That process includes flex scheduling, which enables the NFL to alter the schedule week to week so that the best game on a given Sunday can be moved to prime time, where the largest potential audience and most lucrative advertising opportunities exist.
"With the flex scheduling, you would never have an unattractive, dog matchup on 'Sunday Night Football.' And I think that got ingrained with the audience," Gaudelli said.
Robert Thompson, professor of pop culture at Syracuse University, refers to the cozy relationship between the NFL and the television networks as the "TV-football industrial complex." And he has no doubt that by carefully stacking the deck in favor of Sunday night on NBC, the league has enhanced its prime-time product tremendously.
But he thinks technology and culture also play a role in football coming to so dominate TV ratings, despite the PR problems the league finds itself mired in this fall.
"As so much of American culture has become fragmented with people watching when they want, how they want, DVR-ing, bingeing, and watching video versions of shows posted online after they air, one of the results is that we share very little of our TV culture in real time anymore," he said.
"Live sporting events, particularly NFL games, have become one of the few communal media events left in the culture. So much TV used to be live, even the taped shows, in the sense that you had to watch them when they aired with everybody in front of their TV sets at the same time. People say they want on-demand television, but they also miss the excitement of those live communal events. And nothing on TV today delivers that quite like the NFL."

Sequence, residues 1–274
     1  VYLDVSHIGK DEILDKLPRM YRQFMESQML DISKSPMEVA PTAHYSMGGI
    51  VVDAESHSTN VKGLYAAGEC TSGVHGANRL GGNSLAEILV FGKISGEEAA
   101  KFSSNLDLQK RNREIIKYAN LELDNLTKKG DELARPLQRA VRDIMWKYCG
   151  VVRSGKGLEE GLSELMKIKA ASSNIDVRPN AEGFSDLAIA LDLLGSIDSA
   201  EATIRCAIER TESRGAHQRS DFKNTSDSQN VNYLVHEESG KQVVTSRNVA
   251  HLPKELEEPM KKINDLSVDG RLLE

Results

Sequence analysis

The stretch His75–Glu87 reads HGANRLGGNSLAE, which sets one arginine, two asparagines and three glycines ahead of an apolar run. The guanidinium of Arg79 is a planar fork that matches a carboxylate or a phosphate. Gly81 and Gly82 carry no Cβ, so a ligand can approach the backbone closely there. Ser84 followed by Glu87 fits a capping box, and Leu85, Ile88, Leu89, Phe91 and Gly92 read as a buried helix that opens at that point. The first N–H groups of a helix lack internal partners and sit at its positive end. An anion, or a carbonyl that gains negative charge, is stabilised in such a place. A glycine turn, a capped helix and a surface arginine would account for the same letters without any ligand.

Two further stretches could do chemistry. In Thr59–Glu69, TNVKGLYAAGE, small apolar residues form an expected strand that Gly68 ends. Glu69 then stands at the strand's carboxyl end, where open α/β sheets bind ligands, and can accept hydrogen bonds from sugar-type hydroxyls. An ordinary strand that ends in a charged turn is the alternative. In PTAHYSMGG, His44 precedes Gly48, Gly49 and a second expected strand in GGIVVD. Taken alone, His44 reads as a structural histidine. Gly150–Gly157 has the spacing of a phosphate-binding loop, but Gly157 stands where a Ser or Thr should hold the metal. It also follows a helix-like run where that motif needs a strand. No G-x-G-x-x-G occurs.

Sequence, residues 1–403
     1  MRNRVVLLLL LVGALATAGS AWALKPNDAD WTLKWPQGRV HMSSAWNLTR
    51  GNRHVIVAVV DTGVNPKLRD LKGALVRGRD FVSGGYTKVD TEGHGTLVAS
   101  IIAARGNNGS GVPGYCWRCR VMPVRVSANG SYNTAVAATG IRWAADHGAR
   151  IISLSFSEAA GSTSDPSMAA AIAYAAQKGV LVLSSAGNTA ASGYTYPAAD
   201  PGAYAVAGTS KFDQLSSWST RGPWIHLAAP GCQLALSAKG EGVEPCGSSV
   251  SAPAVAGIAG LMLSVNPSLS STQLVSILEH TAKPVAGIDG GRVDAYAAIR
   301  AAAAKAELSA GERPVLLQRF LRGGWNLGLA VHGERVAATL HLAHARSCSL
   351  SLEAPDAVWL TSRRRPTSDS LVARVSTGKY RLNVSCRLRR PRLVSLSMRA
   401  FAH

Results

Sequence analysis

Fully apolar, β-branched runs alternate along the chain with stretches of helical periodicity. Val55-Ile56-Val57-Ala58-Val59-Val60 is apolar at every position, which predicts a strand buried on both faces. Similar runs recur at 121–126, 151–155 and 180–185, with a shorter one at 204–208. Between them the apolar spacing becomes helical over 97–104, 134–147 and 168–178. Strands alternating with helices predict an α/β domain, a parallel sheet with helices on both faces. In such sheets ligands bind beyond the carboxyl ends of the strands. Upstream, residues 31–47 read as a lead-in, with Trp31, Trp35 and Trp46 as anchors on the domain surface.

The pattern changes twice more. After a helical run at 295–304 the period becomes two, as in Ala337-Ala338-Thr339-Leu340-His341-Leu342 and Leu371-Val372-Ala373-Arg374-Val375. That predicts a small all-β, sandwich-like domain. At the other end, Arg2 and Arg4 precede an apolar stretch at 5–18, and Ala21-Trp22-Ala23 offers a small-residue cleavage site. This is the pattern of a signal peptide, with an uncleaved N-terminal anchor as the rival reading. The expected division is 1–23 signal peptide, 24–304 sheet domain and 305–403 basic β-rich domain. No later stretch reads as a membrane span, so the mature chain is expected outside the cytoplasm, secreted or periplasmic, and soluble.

Live, tribal, violent and, in the case of the prime-time games, skillfully and dramatically staged — that's a very compelling TV package. And there are hundreds of streams of information on dozens of other media platforms feeding and driving viewers throughout the week to the Sunday night TV game.
Steelers quarterback Ben Roethlisberger seems to be on a roll after a record-breaking performance last week, and the Ravens appear to be especially vulnerable because of their deficiencies at cornerback. Is "Big Ben" going to shred the secondary, or will the ferocious pass rush the Ravens have displayed from time to time show up?
The notion that fans were going to give up all that media pleasure because of a video showing a player punching his fiancee or reports of another beating his child now seems a little naive.
"I think the one thing that's changed is that we all have a much greater awareness of domestic violence — that's a no-brainer," Gaudelli said of the predictions that viewers would tune out the NFL this year.
"But in terms of peoples' appetite for the NFL on TV, I don't think that's really been affected. I don't think people said, 'Oh, because this guy did something bad and plays this sport, I'm no longer watching this sport.' I think the general public was able to make the distinction between 'Here's a guy who really did a bad thing' and 'Here's a sport that he played and I enjoy for a million other reasons.' "
"Millions" is the key word — as in millions of viewers and tens of millions of dollars generated by a limited supply of games that the NFL and TV control.
"The NFL on TV is like the diamond market," Thompson said. "People pay tens of thousands of dollars for little pieces of stones, because it's such a limited resource. There are only so many diamonds, and the market is so tightly controlled to make sure they hold their value no matter what."